This year my son played baseball for the first time. Neither my husband nor I ever played organized sports, so it was a new experience for the entire family. The season had its ups and downs – it was clear that most of the other parents had more background knowledge, and some knew each other from t-ball. My son really struggled at first, not only had he never played, he had never even seen a baseball game before. We were lucky and had great coaches, that really worked with all of the kids. Also, in the first round of games, they were allowed to use the tee, but then transitioned away from that. This led to my son striking out several times in a row, but when he finally did hit it, the parents on our team reacted like he had won the entire game. It was really fun to watch my son start to consistently hit the ball, and awesome to watch his entire team really improve and start playing as a team over the course of the season.
There were plenty of moments of high drama during the season, and one team that I dreaded playing, because things always seemed to get heated, but yesterday was our last game – and I realized I will miss it. We only missed one game the entire season, and that was because I read the schedule wrong once, and we missed the second game. There were several games that no one wanted to go to, my son wanted to quit, and we were tired from our lives. Also, like I said, neither my husband nor I are very into sports.
This morning, I realized that after the intensity of the final tournament this weekend, I was actually sad to see the season end. My son is sad too – his team won the tournament, and he is excited to wear his medal around – but I don’t think I would have predicted this outcome when we all started this season.
It made me think that there are a lot of things that I have just dismissed, because I know I don’t like them – and that maybe I am wrong about some of those. Also, it made me think I need to keep trying new approaches with those students that don’t want to read – I need to keep striving to find ways to help them through their struggle. If we always quit when something gets too hard, we might cheat ourselves of an experience we might really enjoy.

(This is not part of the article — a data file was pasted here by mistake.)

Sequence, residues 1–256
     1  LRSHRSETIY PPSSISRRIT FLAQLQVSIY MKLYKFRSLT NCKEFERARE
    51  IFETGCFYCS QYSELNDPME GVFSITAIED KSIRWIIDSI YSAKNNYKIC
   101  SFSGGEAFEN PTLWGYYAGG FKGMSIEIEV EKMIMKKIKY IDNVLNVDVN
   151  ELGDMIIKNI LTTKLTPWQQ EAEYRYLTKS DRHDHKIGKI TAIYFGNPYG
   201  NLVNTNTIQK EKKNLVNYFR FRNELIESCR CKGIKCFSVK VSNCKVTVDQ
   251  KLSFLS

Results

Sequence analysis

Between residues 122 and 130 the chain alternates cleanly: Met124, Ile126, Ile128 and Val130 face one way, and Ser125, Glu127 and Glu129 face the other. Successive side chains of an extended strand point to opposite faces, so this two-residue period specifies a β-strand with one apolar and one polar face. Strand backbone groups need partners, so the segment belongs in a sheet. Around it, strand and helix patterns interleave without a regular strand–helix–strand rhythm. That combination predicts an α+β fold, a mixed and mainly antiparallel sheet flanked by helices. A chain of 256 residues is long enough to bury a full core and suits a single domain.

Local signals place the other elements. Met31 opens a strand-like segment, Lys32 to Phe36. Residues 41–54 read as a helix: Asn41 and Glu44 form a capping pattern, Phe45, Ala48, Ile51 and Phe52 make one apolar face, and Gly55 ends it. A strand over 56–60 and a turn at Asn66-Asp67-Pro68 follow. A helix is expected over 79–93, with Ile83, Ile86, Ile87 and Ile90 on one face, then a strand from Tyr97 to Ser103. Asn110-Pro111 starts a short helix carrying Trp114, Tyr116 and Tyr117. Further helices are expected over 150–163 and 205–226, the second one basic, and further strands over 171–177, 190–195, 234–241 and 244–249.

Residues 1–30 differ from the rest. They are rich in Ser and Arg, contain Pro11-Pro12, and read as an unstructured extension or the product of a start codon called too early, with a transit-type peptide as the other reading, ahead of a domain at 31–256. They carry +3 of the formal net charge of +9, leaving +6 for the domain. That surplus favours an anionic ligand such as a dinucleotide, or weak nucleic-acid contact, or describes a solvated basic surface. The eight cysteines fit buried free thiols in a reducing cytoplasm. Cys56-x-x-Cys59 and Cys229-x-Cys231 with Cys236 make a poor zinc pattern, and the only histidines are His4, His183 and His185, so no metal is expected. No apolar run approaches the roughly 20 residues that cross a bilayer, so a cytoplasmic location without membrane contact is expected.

This month I grabbed two titles from the junior/senior high graphic novel collection. Essex County Vol.1: Tales from The Farm by Jeff Lemire, a winner of the ALEX Award, published in 2008. The other graphic novel I chose was Astro City: Life in the Big City – which I have yet to read.
I don’t know that I have ever read a more compelling depiction of alienation and grief, as the depiction in this graphic novel. The artwork is fantastic, as the boy, Lester, and his Uncle, have conflicts, the art mirrors the despair they both feel. The use of light and dark in the drawings, as well as the frames that slowly build to tell a compelling story, are a study in how the graphic novel form works best. The use of technique to clearly convey flashback sequences was also highly effective.
I am far from an expert in graphic novels, but I found myself thinking that the artwork in this piece was really teaching me a great deal about what works in graphic novels are done well.
Students who like to read stories of loss and reconciliation will enjoy this beautiful graphic novel, and they may learn something about composition from a clear master.
The second graphic novel for this month is Tower of Treasure by Scott Chantler. It is the first in the Three Thieves series. This particular graphic novel series came to my attention through student inquiry, and several students have checked out the fifth book since it came in our Junior Library Guild book shipment for the junior high.
The graphic novel is a classic origin story, with the three titular characters starting as circus performers. Dessa is a 14-year – old acrobat with a tragic past, and is hunting the man that took her brother, Princess Bride style. Like that movie, this is a team of people with interesting skills, and a great deal of differences to overcome. The other two members of the team areTopper, a juggler and master thief, and the strongman, Fisk. It moved quickly, and contained plenty of dangerous situations and action.
This series should appeal to students that enjoy adventure, quests, and the struggle between power and poverty. It was a quick, engaging read, appropriate for junior high students.
What are your favorite graphic novels? What really resonates with your students?